Phone A Friend. Chances are, the pool of potential speakers available to you is much deeper than you think. Leverage your current relationships: use company experts, trade association partners or pundits who have previously addressed other organization gatherings. Conference calls are also a good way to recognize employees or members who are particularly engaged. Asking a PAC member superstar to speak (i.e., host the call) will not only boost that person’s profile, but it will also give audience members a chance to understand how people just like them get engaged and make an impact. Finally, remember political candidates will rarely turn down an opportunity to speak to their donors and constituents, particularly those who create jobs, drive wages or are already active and motivated to cast a ballot. The primary barrier for a candidate is time, but if you give ample advance notice, candidates will make it work. Ask your speaker to talk for 10 to 15 minutes and expect about 20 to 30 minutes of questions. Don’t forget: you’ll want to hold a pre call prep session with your speaker to make sure all logistics and other conference call items go smoothly when it’s show time.
Remember: Silence Is Not Golden. You don’t want to go to the trouble of securing a headliner only to have he or she listen to crickets after their presentation is over. While you can’t control the questions your audience will ask, let them know in advance what the topic of the call is. The electoral landscape? How to positively impact the legislative process? A deep dive on a certain proposal or policy issue? Being specific about a topic is the first step in guiding the conversation toward the end you want. Additionally, your advocacy, government relations and legal teams should work together prior to the call to come up with five to seven questions the moderator can ask to keep the conversation moving. Asking a few questions up front or during the Q&A is also a good way to set the tone for the conversation – or to alter it.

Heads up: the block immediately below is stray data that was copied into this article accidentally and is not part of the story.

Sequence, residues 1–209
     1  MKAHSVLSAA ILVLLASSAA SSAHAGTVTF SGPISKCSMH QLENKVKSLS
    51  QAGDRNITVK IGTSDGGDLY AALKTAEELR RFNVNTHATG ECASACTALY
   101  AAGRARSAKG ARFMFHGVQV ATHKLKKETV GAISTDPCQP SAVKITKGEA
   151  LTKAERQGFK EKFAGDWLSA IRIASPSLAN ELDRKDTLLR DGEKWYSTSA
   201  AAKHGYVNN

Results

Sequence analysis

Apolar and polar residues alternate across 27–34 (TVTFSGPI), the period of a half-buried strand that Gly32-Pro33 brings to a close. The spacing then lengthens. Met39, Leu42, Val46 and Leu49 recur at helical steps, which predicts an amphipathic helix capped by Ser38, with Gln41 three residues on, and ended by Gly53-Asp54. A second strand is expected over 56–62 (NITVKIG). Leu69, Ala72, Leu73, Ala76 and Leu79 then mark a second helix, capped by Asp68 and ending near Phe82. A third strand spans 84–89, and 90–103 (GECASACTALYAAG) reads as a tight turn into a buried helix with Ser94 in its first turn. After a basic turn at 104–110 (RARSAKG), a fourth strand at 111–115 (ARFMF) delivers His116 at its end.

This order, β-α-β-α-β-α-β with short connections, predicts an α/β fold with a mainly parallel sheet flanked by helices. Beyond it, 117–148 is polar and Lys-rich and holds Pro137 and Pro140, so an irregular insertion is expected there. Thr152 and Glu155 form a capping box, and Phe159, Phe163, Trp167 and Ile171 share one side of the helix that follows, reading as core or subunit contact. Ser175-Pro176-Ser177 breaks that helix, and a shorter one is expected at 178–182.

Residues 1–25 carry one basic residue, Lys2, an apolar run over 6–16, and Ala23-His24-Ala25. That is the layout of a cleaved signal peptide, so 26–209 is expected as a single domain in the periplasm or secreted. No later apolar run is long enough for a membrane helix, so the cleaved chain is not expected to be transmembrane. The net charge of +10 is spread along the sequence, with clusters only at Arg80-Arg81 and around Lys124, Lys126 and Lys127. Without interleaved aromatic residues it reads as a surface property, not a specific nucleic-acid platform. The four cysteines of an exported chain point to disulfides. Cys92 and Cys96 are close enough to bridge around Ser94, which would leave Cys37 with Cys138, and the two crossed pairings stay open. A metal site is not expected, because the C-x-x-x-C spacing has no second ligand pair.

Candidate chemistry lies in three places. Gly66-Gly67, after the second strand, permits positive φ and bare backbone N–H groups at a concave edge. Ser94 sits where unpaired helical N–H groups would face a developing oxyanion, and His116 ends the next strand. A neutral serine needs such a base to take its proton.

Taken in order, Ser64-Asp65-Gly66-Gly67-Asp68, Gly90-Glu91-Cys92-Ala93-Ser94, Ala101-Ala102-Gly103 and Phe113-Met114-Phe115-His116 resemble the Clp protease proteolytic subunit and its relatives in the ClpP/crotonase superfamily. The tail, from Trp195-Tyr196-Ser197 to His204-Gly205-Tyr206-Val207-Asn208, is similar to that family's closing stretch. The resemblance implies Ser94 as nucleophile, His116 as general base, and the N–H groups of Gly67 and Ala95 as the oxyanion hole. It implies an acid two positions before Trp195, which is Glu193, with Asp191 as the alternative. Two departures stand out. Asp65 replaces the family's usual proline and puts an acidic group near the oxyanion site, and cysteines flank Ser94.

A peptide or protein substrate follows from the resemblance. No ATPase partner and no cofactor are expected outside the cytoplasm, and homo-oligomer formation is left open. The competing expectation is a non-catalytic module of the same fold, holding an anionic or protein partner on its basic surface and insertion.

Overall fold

Follow Up With A Note. Remember to thank your speaker and participants. If there were specific questions left unaddressed, provide answers in a follow-up note and use that note to preview your next call. You’ll need a sustained campaign to turn your audience’s inaction into action. That effort continues as soon as your first call concludes. Don’t forget to encourage people to check out your PAC website.
When Can I Call Again? In a non-election year, aim to have one call every six to eight weeks. Calls should be more frequent in an election year, but they don’t have to be locked into a strict schedule. Instead, tie them to major events on the political calendar.
The first step toward action is always daunting, but getting on the line with members or employees is one of the most cost-effective ways to drive engagement. The price of inaction is too steep not to make this call.
Dan Ekstein is a partner at Sagac Public Affairs, a national firm that provides communications, market research, fundraising, and issue advocacy solutions to hundreds of political, nonprofit and corporate organizations. Sagac and Ekstein are industry leaders in the implementation of comprehensive strategies for political finance operations. The firm’s clients represent more than one-third of all federal qualified funds raised each election cycle by corporate and trade association PACs.